• Six, linkages between terrorism and transnational organized crime must be fully recognized and addressed vigorously. We, in India, have seen the crime syndicate responsible for the 1993 Mumbai bomb blasts not just given State protection but enjoying 5-star hospitality.
  • Seven, combating terrorist financing will only be as effective as the weakest jurisdiction. The Financial Action Task Force (FATF) should continue to identify and remedy weaknesses in anti-money laundering and counter-terror can make a big difference.
  • Eight, adequate funding to UN Counter Terrorism bodies from UN regular budget requires immediate attention. The forthcoming 7th review of the UN’s Global Counter Terrorism Strategy offers an important occasion to strengthen measures to prevent and combat terrorism and build capacities of member states.

Significance of global coordination:

  • Changing face of terrorism leading to global diffusion of threat: In recent years, terrorist networks have evolved, moving away from a dependency on state sponsorship; many of the most dangerous groups and individuals now operate as non-state actors.
    • While some remain focused on local or national political dynamics, others seek to affect global change.
    • Lack of a universal agreement over what constitutes terrorism weakens efforts to formulate a concerted global response.
  • Fragmented approach: Multilateral action suffers from inadequate compliance and enforcement of existing instruments.
    • With a global counterterror cooperation mechanism, the actions of uncooperative states could be addressed and capacity-building efforts— currently scattered across bilateral and multilateral relationships—could be brought under a single structure.
  • Porous borders and interconnected international system: Taking advantage of porous borders and interconnected international systems—finance, communications, and transit—terrorist groups can operate from every corner of the globe. Nonstate actors that can easily cross borders and operate in civilian areas poses an enormous challenge.
  • Incapacity of countries to control terrorist threats: Multilateral initiatives bolster state capacity to build institutions and programs that strengthen a range of activities, from policing to counter radicalization programs.
  • Emerging challenges: Vigilance against misuse of emerging technology such as artificial intelligence, drones and 3D (three-dimensional) printing, as well as against the use of hate-speech and distortion of religious beliefs by extremist and terrorist groups.

UN Global Counter-Terrorism Coordination Compact

It is an agreement between the UN chief, 36 organizational entities, the International Criminal Police Organisation (INTERPOL) and the World Customs Organisation, to tackle the scourge of international terrorism.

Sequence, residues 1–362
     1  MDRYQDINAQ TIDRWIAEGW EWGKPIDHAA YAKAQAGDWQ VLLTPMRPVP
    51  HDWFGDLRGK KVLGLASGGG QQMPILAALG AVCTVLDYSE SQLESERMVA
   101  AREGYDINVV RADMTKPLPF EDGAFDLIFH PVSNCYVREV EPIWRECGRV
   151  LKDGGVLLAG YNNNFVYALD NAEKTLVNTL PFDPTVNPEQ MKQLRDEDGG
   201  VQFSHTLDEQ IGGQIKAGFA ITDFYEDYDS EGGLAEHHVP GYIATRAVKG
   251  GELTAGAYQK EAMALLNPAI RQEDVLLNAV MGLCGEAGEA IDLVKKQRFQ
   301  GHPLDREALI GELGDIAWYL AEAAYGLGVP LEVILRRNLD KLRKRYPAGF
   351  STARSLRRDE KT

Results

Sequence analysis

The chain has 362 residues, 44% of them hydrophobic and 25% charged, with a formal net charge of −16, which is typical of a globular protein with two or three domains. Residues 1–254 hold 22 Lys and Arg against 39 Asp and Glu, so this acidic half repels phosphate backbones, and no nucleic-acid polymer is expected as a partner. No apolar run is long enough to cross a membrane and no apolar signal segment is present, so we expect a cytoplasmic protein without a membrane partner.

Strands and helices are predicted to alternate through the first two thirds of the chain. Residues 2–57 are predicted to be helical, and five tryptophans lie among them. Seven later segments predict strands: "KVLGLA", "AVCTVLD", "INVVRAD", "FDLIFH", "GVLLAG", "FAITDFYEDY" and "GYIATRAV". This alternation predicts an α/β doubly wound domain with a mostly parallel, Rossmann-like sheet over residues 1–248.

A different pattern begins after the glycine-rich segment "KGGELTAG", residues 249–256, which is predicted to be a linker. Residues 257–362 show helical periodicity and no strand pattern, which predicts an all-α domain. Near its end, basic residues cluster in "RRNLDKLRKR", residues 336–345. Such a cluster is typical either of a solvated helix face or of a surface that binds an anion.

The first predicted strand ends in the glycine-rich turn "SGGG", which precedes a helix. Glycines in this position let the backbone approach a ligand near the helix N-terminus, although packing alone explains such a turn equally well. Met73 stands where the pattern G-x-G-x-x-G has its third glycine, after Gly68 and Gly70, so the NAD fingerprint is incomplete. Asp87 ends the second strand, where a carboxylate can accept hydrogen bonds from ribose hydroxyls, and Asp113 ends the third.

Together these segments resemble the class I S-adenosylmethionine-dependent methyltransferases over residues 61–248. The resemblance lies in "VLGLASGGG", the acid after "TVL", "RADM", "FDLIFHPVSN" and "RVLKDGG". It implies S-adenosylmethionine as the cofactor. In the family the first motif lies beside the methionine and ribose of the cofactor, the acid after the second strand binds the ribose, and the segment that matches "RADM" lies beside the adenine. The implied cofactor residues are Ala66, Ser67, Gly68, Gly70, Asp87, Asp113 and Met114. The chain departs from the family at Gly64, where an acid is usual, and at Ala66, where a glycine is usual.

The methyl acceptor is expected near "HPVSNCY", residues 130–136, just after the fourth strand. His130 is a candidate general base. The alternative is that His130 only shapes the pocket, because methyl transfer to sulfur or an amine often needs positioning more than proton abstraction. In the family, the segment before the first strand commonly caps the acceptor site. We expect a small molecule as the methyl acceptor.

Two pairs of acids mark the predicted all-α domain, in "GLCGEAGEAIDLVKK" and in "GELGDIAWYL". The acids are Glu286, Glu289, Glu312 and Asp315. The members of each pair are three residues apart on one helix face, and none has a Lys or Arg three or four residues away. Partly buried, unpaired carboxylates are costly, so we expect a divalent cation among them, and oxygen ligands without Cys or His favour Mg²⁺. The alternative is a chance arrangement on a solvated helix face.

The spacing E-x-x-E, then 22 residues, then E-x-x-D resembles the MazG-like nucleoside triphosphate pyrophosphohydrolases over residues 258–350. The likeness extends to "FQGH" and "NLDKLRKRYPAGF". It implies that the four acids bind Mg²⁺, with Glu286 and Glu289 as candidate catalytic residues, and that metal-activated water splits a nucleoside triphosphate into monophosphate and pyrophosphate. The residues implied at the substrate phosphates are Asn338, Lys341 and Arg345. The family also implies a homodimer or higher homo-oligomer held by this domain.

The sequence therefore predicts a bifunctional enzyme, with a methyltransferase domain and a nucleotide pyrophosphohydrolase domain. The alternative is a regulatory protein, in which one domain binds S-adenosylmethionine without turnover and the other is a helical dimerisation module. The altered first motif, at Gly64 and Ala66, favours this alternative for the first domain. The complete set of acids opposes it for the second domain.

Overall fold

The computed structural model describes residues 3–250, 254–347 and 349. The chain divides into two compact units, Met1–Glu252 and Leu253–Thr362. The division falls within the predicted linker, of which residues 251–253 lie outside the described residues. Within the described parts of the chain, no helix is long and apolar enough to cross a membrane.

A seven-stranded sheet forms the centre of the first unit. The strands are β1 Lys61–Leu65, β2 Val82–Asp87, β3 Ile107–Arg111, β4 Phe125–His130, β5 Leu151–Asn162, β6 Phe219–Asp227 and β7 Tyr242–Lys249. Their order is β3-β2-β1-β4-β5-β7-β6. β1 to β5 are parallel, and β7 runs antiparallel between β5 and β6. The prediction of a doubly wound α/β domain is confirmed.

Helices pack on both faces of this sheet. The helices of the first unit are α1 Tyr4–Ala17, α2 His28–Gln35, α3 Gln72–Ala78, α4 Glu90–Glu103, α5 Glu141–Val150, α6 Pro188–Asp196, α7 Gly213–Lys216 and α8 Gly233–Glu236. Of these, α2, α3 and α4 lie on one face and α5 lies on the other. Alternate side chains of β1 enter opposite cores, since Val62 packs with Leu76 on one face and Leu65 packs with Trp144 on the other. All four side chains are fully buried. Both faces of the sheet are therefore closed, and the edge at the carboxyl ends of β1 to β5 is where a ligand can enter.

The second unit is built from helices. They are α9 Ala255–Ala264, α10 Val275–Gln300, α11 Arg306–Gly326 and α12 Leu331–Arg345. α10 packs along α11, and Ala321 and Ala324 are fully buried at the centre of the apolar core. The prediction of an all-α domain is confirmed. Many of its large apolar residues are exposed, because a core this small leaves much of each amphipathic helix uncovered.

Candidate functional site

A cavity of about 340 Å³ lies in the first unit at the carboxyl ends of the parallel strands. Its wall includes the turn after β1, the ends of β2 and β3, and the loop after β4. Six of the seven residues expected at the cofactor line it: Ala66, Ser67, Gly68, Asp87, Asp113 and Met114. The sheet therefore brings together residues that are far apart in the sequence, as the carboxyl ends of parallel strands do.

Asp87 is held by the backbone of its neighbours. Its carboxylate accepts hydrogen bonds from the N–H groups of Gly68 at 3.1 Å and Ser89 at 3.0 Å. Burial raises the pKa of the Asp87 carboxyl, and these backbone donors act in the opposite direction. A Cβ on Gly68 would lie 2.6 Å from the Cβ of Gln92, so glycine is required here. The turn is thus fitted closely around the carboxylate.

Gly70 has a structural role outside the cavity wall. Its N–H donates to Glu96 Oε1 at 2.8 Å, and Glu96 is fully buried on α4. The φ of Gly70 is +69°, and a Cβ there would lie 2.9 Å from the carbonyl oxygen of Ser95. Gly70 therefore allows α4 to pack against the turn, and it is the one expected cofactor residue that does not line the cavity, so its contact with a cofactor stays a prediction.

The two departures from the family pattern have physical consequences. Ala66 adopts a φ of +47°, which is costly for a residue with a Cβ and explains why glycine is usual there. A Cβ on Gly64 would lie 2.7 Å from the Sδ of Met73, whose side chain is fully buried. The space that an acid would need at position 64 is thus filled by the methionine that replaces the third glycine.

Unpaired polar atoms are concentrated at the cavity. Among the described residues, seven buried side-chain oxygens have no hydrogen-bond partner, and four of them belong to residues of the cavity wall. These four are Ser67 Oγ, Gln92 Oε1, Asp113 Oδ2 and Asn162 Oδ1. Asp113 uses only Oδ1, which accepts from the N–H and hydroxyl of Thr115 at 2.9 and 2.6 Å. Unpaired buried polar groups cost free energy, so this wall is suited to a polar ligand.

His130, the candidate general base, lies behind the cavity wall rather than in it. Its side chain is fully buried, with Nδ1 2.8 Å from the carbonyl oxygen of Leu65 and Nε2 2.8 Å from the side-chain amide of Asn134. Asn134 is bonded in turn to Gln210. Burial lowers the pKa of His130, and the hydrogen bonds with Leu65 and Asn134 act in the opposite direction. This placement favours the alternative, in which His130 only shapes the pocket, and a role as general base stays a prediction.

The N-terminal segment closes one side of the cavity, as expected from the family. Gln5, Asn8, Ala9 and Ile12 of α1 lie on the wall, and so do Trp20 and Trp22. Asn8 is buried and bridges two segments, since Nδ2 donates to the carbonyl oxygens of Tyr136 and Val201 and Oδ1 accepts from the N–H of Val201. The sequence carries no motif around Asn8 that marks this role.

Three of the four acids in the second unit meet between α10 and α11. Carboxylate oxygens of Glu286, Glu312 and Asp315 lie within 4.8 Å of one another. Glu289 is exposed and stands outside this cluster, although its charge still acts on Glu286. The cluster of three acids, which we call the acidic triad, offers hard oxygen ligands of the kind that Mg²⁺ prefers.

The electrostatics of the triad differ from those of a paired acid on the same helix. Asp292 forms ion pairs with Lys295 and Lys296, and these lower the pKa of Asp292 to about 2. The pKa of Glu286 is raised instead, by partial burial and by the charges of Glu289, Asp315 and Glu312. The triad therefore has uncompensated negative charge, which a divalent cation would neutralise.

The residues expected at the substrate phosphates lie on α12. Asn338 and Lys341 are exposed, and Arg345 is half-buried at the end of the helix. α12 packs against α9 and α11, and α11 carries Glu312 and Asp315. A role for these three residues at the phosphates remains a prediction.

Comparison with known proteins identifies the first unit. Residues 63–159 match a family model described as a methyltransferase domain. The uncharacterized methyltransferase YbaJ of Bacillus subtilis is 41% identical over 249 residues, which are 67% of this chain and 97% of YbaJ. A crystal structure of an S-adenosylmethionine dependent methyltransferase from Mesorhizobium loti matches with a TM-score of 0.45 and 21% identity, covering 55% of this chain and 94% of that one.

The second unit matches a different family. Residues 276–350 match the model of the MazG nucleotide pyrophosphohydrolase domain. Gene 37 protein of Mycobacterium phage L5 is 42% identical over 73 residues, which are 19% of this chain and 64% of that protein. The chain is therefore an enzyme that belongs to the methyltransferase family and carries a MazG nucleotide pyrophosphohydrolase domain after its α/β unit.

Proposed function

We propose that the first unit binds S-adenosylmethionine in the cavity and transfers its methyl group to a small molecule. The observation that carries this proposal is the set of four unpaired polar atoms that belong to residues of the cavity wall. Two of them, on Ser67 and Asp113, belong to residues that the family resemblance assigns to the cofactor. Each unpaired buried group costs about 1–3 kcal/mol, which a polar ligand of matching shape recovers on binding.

• To ensure that the United Nations system provides coordinated capacity-building support to Member States, at their request, in implementing the UN Global Counter-Terrorism Strategy and other relevant resolutions.
  • To foster close collaboration between the Security Council mandated bodies and the rest of the United Nations system.
  • UN Global Counter-Terrorism Compact Coordination Committee will oversee and monitor the implementation of the Compact which will be chaired by UN Under-Secretary-General for counter-terrorism.
  • It will replace the Counter-Terrorism Implementation Task Force, which was established in 2005.

Global Counter-Terrorism Strategy

  • The United Nations General Assembly (UNGA) adopted it in 2006 and it is a unique global instrument to enhance national, regional and international efforts to counter terrorism.
  • UNGA reviews the Strategy every two years, making it a living document attuned to Member States’ counter-terrorism priorities.

Way Forward:

The world must acknowledge that terrorist organisations use not only extortion and money laundering, drugs and wildlife trafficking to raise funds, but, in the present and future, will use loopholes in digital security and the “anonymity” provided by block chain technology to access finances. Moreover we should follow the four pillars of the Global Strategy include:

  • Measures to address the conditions conducive to the spread of terrorism.
  • Measures to prevent and combat terrorism.
  • Measures to build states’ capacity to prevent and combat terrorism and to strengthen the role of the United Nations system in that regard.
  • Measures to ensure respect for human rights for all and the rule of law as the fundamental basis for the fight against terrorism.
June 2024